Mitigation: this is a frequent offence in Busia and needs a deterrent sentence as the same is a grave danger to other road users. 6 months imprisonment on Count 1 & 2 and 14 days for Count iii. To run concurrently.
Further, banned until a valid driving licence is obtained. 14 days right of appeal explained.
10. The following errors occurred:
a) It was not indicated what language was used in reading the charges to the appellant.
b) What is purported to be facts are so skimpy and one does understand what the rush was for.
c) Mitigation is supposed to come from an accused person and not from the court. The appellant was denied a chance to mitigate.
d) The record is so untidy to an extent that what is called mitigation is merged with the sentence.
Since the appellant appealed against sentence only, I would not say more.
11. The penalty for the offences the appellant was charged with is provided for under section 103B (7) of the Traffic Act. It states:
A person who contravenes or fails to comply with the provisions of this section commits an offence and is liable to a fine not exceeding ten thousand shillings or, in default of payment, to imprisonment for a term not exceeding twelve months.
12. Instances when an appellate court would interfere with the discretion of a trial court on the issue of sentence were clearly defined by the Court of in the case of in. An appellate court would interfere only where there exists, to a sufficient extent, circumstances entitling it to vary the order of the trial court. Those circumstances were well illustrated in the case of Ogalo Son of Owuora vs. Republic (1954) 21 EACA 270 as follows:
The principles upon which an appellate court will act in exercising its jurisdiction to review sentences are fairly established. The court does not alter a sentence on the mere ground that if the members of the court had been trying the appellant, they might have passed a somewhat different sentence and it will not ordinarily interfere with the discretion exercised by a trial Judge unless as was said in James vs Rex (1950), 18 EACA 147, it is evident that the Judge has acted upon some wrong principle or overlooked some material factor! To this, we would also add a third criterion, namely, that the sentence is manifestly excessive in view of the circumstances of the case. R vs. Shershewsity (1912) C.CA 28 T.LR 364.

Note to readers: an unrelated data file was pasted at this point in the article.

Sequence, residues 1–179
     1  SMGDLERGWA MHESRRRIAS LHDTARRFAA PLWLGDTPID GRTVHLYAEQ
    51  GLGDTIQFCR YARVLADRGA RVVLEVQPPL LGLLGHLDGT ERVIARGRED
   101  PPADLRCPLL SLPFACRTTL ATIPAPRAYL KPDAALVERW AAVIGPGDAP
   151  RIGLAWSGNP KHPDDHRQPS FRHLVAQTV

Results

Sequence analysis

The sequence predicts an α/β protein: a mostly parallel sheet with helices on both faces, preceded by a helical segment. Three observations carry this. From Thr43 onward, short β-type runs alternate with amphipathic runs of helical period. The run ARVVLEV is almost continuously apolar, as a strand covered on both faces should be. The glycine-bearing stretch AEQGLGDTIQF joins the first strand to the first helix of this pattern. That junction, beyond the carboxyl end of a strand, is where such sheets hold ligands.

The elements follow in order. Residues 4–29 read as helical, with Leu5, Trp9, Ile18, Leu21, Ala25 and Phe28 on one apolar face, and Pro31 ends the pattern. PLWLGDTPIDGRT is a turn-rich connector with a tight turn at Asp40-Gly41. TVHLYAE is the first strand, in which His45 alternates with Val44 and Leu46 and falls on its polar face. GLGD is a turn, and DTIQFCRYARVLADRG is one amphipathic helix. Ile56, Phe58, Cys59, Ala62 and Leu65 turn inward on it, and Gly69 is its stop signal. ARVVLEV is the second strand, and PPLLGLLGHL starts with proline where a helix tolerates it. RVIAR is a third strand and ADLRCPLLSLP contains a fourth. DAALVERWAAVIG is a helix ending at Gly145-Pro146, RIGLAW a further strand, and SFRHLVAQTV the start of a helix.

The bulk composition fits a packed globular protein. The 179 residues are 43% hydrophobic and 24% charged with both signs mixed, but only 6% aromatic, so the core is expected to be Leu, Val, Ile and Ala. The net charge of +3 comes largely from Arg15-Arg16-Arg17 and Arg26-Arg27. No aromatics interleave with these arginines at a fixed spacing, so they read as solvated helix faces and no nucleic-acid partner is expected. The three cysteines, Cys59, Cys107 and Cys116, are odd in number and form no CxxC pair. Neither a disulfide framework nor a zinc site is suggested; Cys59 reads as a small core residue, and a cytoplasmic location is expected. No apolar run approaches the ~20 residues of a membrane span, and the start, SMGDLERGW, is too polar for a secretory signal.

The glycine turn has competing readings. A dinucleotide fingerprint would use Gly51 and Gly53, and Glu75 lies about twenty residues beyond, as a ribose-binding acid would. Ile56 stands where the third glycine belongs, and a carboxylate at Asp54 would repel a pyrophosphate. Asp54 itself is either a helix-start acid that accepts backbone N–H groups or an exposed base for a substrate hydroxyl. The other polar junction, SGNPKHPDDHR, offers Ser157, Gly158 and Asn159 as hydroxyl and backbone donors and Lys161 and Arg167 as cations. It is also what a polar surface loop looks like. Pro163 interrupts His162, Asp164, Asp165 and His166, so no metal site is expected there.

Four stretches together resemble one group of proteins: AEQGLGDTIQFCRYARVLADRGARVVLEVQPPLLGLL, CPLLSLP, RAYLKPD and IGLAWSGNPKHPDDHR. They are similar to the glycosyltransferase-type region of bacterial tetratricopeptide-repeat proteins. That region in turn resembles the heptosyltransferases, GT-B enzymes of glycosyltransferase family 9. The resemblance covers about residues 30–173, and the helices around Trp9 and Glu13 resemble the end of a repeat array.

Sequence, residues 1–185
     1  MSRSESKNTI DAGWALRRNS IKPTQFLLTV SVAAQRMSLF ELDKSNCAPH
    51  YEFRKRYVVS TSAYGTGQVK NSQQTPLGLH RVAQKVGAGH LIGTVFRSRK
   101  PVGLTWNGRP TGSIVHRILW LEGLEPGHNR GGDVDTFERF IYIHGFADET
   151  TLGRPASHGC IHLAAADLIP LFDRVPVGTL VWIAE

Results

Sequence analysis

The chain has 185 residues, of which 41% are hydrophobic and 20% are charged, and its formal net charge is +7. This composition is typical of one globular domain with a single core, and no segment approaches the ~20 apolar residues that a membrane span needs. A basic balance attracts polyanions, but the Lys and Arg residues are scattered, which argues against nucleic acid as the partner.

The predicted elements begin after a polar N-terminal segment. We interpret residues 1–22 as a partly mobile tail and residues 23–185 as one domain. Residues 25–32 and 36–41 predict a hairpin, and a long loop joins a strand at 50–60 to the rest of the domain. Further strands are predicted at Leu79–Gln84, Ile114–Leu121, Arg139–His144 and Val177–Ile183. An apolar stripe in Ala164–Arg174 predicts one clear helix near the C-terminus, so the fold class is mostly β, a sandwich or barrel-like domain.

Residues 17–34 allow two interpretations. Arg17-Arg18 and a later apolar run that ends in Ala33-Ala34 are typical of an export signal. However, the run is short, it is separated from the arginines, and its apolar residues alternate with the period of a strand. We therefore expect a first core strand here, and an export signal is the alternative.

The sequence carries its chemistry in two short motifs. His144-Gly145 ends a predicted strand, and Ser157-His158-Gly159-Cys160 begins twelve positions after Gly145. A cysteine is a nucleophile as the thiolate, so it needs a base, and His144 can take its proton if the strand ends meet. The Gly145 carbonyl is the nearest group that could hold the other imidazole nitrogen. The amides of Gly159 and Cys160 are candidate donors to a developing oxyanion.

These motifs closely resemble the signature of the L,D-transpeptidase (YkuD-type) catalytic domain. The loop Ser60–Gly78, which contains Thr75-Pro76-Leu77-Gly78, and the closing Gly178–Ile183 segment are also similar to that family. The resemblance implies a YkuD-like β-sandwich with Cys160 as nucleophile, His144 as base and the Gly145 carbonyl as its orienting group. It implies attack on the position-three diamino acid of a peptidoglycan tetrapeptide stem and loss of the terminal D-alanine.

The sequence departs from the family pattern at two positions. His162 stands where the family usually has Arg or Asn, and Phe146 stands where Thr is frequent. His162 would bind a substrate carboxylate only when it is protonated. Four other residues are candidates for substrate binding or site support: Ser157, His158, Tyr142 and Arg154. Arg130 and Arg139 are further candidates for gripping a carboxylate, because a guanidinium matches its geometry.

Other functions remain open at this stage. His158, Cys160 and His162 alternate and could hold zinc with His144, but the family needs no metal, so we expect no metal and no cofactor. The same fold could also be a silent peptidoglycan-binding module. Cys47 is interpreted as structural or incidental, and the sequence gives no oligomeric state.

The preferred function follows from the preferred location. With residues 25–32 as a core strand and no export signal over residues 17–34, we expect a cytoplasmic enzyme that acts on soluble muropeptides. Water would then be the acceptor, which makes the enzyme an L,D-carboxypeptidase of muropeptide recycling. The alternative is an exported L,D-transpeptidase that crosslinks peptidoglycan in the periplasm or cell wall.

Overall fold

13. The prosecution did not state whether the appellant had a previous record. The cardinal principle in sentencing just like in medical, is to start with the first line of treatment. Unless an accused is a repeat offender or the offence is aggravated, he ought to be given the option of a fine where it is provided for like in this case. For this reason, I am persuaded to interfere with the sentence meted out by the trial court in counts one and two. I accordingly set the sentences aside and substitute the same with a fine of Kshs. 3000/= on each count or serve three months imprisonment on each count. The sentence in count three was served for he spent 14 days in prison before he was released on bond pending appeal.
14. The appeal on sentence is therefore is therefore allowed.
DELIVERED and SIGNED at BUSIA this 18th Day of December, 2019
KIARIE WAWERU KIARIE